Melasma Malaise

Melasma Malaise

By Deanne Mraz Robinson, MD, FAAD

Do you ever feel like hormones are the teething of womanhood? What’s this <insert strange bodily development>? Ah, must be hormones. Well another fun result of those pesky regulating substances chugging around our bodies is something called Melasma - or more commonly, the mask of pregnancy. As if pregnancy wasn’t scary enough without bringing a mask in to it. But I digress…melasma translates from the Greek word for dark, and that’s exactly what it is. Dark brown/grey patches of skin that develop, typically on the face, although they can also appear on the body, most notably on the forearms. Melasma can show up during periods of hormonal disturbance, most commonly pregnancy or while taking birth control, but can also happen without hormonal fluctuations and can even happen in men.

What is actually happening?

Melasma appears when the underlying hormone called Melanocyte Stimulating Hormone (MSG) goes a little crazy and increases production of melanin, which we all know is responsible for the shade of our skin. This is why being out in the sun makes melasma worse, and women who are pregnant during the summer are more prone to getting it (as if summer pregnancies weren’t just a bowl of cherries already). Fun fact: this same hormone is responsible for the linea negra (that dark line running down the beautiful baby bump of many pregnant women).  

But I’m not pregnant and I’m not taking birth control…

Then now is probably a good time to see your doctor. If you’re under a lot of stress, your hormones can get out of whack and start disrupting MSG production. Another cause might be underlying thyroid disease, so really, make that appointment.  Also, other issues can present with similarly, so best to come in for evaluation. 

It’s less likely to be melasma if:

  • It appears on the lateral forehead

  • It covers the eyelids

  • It appears on the tip of the nose or at the nasal openings

  • It has a straight, symmetrical border

  • It appears on the ear and ear lobe

How can I make it go away? 

Finally, some good news. Melasma can lessen once your hormone levels return to normal. Try and be patient as it can take some time. Make sure you’re using a high SPF every day and wearing a hat when you’re spending any length of time in the direct sun. After a few months you should start to see the patches fade until they disappear altogether. There is also evidence that visible light and other sources of energy, like heat, can worsen melasma. The best way to protect yourself is to wear sunscreen every single day (rain, snow, or shine) and pair with a topical antioxidant to help protect against other sources of damage from the environment.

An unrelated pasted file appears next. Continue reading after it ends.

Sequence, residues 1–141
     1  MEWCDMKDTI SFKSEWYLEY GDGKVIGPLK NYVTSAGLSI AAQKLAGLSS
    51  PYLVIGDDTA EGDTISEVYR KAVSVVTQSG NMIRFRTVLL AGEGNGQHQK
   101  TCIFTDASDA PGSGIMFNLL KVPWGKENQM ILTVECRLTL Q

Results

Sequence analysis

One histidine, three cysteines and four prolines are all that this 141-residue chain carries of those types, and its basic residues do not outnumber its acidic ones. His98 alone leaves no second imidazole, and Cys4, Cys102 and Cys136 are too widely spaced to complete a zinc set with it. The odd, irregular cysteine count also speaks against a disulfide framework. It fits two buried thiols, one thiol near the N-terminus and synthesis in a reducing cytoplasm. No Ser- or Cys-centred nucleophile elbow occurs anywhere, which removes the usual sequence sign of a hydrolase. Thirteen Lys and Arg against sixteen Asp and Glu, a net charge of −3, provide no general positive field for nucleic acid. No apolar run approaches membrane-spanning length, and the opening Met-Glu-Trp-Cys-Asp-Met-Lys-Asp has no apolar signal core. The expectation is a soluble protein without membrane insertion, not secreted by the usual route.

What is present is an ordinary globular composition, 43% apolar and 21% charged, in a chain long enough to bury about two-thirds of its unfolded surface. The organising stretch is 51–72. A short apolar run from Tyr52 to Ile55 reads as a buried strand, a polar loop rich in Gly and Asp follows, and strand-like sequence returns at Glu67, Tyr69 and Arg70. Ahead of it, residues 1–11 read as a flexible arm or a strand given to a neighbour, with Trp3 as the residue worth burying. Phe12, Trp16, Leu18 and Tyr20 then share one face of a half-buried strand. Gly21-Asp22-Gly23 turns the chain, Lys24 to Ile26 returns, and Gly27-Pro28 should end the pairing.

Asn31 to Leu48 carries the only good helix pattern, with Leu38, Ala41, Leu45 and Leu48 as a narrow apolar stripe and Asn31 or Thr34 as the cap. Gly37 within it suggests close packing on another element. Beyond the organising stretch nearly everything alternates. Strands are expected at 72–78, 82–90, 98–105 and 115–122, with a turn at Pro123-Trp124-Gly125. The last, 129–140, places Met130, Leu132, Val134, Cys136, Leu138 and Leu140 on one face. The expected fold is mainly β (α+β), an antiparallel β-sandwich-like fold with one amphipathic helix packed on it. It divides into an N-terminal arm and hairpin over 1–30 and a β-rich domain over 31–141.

Um, still not going anywhere…

Now is probably a good time to come see us. Melasma differs from basic hyperpigmentation and we can use special equipment to see exactly what’s going on. Once we’re sure it’s melasma, we can recommend treatment options and a plan to get your glowing skin back.

The first stop on the treatment train is usually Hydroquinone, which is effective about 40% of the time in lightening the skin.  While there are some products available over the counter containing hydroquinone, it’s best to come see us and opt for a stronger prescription. Hydroquinone is often used in combination with tretinoin and corticosteroids which enhance the lightening effect and are referred to as triple combinationcreams.  Retinols, azelaic acid or kojic acid are other topical remedies.  However, a new study shows promising results with the use of tranexamic acid – a drug usually prescribed in the US for abnormally heavy menstrual cycles. Dr. Amit Pandya, professor of dermatology at the University of Texas Southwestern, Dallas presented his findings at The Skin of Color Society Meeting in February 2018 and spoke of “spectacular results” from his study of women using the drug, with up to a 50% improvement in skin coloration over a three-month period, including women who had spent many years trying other medical approaches to no avail. Depending on other medical conditions, we may consider using tranexamic acid either topically or orally in combination with other treatment modalities.

There are many procedures that can be administered by your board-certified dermatologist to treat melasma. These include chemical peels and light-based therapies or laser treatments. Particularly, the Clear and Brilliant laser, PICO toning and low fluence Nd:YAG laser treatments can help clear melasma. Remember, that while we can help reduce melasma, strict sun protection is paramount as the pigmentation can recur quickly with exposure! 

The bottom line is, don’t suffer in silence. With a personalized professional approach, it’s possible to get your skin back to its former glory…sadly it won’t help with those newborn sleepless nights, but hey, we’ll take the good skin every time. 

Read more about Melasma and how we can help you treat it.